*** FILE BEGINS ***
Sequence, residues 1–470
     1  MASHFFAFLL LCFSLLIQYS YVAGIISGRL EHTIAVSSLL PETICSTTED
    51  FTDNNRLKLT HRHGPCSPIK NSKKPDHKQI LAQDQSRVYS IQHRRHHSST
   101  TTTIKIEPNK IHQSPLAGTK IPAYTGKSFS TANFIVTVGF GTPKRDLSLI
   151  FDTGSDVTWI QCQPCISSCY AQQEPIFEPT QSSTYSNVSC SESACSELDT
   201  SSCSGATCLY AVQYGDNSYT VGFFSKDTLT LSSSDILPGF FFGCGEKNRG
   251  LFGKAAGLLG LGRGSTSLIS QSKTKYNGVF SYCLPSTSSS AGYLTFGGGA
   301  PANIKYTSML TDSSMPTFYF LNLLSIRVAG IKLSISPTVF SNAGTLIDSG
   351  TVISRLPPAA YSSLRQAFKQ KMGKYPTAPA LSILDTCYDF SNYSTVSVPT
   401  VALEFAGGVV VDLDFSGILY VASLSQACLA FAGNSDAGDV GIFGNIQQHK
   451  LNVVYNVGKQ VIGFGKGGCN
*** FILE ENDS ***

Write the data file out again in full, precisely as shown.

Sequence, residues 1–470
     1  MASHFFAFLL LCFSLLIQYS YVAGIISGRL EHTIAVSSLL PETICSTTED
    51  FTDNNRLKLT HRHGPCSPIK NSKKPDHKQI LAQDQSRVYS IQHRRHHSST
   101  TTTIKIEPNK IHQSPLAGTK IPAYTGKSFS TANFIVTVGF GTPKRDLSLI
   151  FDTGSDVTWI QCQPCISSCY AQQEPIFEPT QSSTYSNVSC SESACSELDT
   201  SSCSGATCLY AVQYGDNSYT VGFFSKDTLT LSSSDILPGF FFGCGEKNRG
   251  LFGKAAGLLG LGRGSTSLIS QSKTKYNGVF SYCLPSTSSS AGYLTFGGGA
   301  PANIKYTSML TDSSMPTFYF LNLLSIRVAG IKLSISPTVF SNAGTLIDSG
   351  TVISRLPPAA YSSLRQAFKQ KMGKYPTAPA LSILDTCYDF SNYSTVSVPT
   401  VALEFAGGVV VDLDFSGILY VASLSQACLA FAGNSDAGDV GIFGNIQQHK
   451  LNVVYNVGKQ VIGFGKGGCN